TribLIVE

| USWorld

 
Larger text Larger text Smaller text Smaller text | Order Photo Reprints

Rockefeller charity marks century of aid

Email Newsletters

Click here to sign up for one of our email newsletters.

Daily Photo Galleries

'American Coyotes' Series

Traveling by Jeep, boat and foot, Tribune-Review investigative reporter Carl Prine and photojournalist Justin Merriman covered nearly 2,000 miles over two months along the border with Mexico to report on coyotes — the human traffickers who bring illegal immigrants into the United States. Most are Americans working for money and/or drugs. This series reports how their operations have a major impact on life for residents and the environment along the border — and beyond.

By The Associated Press
Sunday, May 12, 2013, 5:15 p.m.
 

NEW YORK — For the richest American family of its era, the goal was fittingly ambitious: “To promote the well-being of mankind throughout the world.”

With that mission, underwritten by the vast wealth of John D. Rockefeller Sr., The Rockefeller Foundation was chartered 100 years ago in Albany, N.Y. For several decades, it was the dominant foundation in the country, breaking precedent with its global outlook and helping pioneer a diligent, scientific approach to charity.

It earned the abiding gratitude of many beneficiaries, inspired imitators and — because of its power and influence — became a periodic target of criticism from both right and left.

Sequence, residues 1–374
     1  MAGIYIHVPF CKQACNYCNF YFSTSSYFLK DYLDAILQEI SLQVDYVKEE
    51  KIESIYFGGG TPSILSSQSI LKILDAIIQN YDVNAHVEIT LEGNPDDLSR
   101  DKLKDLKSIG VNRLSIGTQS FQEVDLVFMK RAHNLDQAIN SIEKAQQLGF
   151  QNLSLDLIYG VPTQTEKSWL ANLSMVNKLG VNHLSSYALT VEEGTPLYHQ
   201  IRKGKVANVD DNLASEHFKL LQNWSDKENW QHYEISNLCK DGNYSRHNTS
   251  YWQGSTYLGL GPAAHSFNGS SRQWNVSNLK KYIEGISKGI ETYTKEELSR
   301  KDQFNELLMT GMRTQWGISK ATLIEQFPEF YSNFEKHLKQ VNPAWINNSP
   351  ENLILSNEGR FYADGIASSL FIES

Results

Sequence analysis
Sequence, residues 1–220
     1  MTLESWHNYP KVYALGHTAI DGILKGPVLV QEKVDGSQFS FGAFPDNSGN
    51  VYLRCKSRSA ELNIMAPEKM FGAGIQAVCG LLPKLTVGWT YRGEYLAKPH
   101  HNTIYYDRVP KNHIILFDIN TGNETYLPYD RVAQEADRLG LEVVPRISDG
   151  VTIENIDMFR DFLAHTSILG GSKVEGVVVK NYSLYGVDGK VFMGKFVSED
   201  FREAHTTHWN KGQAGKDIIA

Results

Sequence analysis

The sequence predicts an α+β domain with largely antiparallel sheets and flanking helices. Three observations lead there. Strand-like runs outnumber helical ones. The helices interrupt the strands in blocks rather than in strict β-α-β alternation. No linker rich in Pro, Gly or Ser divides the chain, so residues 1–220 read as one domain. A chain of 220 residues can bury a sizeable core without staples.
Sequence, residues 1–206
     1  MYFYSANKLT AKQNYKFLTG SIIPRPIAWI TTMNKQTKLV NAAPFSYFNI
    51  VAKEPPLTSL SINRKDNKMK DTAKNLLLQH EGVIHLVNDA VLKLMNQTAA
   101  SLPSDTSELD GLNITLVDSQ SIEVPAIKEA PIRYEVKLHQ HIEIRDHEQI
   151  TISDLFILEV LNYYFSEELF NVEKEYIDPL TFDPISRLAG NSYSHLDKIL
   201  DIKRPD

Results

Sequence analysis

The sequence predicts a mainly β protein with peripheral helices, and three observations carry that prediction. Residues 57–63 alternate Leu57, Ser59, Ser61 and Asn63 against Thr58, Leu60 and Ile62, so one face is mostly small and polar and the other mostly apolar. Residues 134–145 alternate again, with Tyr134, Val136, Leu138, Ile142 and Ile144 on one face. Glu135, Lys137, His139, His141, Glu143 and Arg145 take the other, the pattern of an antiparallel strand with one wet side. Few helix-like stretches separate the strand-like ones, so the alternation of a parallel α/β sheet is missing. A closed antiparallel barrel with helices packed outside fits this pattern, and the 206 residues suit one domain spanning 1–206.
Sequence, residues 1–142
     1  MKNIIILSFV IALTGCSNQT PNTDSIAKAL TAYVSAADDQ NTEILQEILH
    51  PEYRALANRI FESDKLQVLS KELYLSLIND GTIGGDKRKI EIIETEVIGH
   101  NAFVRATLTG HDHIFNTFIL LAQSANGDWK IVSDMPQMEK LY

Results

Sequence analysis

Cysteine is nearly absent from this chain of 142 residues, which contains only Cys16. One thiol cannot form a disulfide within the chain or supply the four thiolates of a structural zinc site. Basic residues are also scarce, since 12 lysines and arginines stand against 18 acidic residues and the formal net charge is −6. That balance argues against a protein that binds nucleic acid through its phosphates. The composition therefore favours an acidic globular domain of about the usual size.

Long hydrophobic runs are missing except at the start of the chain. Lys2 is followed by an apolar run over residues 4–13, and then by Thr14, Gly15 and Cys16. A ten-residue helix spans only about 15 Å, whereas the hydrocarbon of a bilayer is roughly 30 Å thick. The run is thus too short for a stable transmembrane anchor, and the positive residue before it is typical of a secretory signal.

“They were in a very small group of foundations that practiced idea-based philanthropy as opposed to just charity. They are willing to invest in ideas,” said Bradford Smith, who as president of the New York-based Foundation Center oversees research on philanthropy worldwide.

The next generation of philanthropists would be wise to study the history of The Rockefeller Foundation and its handful of peers, Smith said.

“The new money goes about this as if there wasn't any history,” he said. “I think there is a lot to learn — what worked, what didn't work.”

Now dwarfed by the largesse of Bill Gates and other contemporary philanthropists, The Rockefeller Foundation remains ambitious and well-funded and is increasingly eager to work in partnerships.

Those financial realities have prompted Rockefeller to do most of its work in partnerships rather than operating solo. Partners have included the Bill & Melinda Gates Foundation, which Judith Rodin, The Rockefeller Foundation's president since 2005, considers a positive influence on the entire foundation sector.

“It's forced us to be even more strategic than if we didn't have it,” she said.

It is celebrating its centennial by touting an array of forward-looking projects, ranging from global disease surveillance to stronger cities to future calamities.

Subscribe today! Click here for our subscription offers.

 

 


Show commenting policy

Most-Read Nation

  1. 911 dispatcher hung up on caller before wounded teen’s death in June
  2. Calif. oil slick expected to dissipate
  3. Planned Parenthood requests expert study
  4. Cincy officer indicted on murder charge in fatal shooting of motorist
  5. Clinton to testify before House committee on Benghazi in October
  6. Compromise keeps highway accounts funded
  7. Undocumented alien released, suspected in crime spree
  8. University of New Hampshire language guide panned
  9. House approves bill targeting VA staffers
  10. Cruz switches targets, takes exception with IRS practices
  11. Feds accuse Philadelphia congressman Fattah of corruption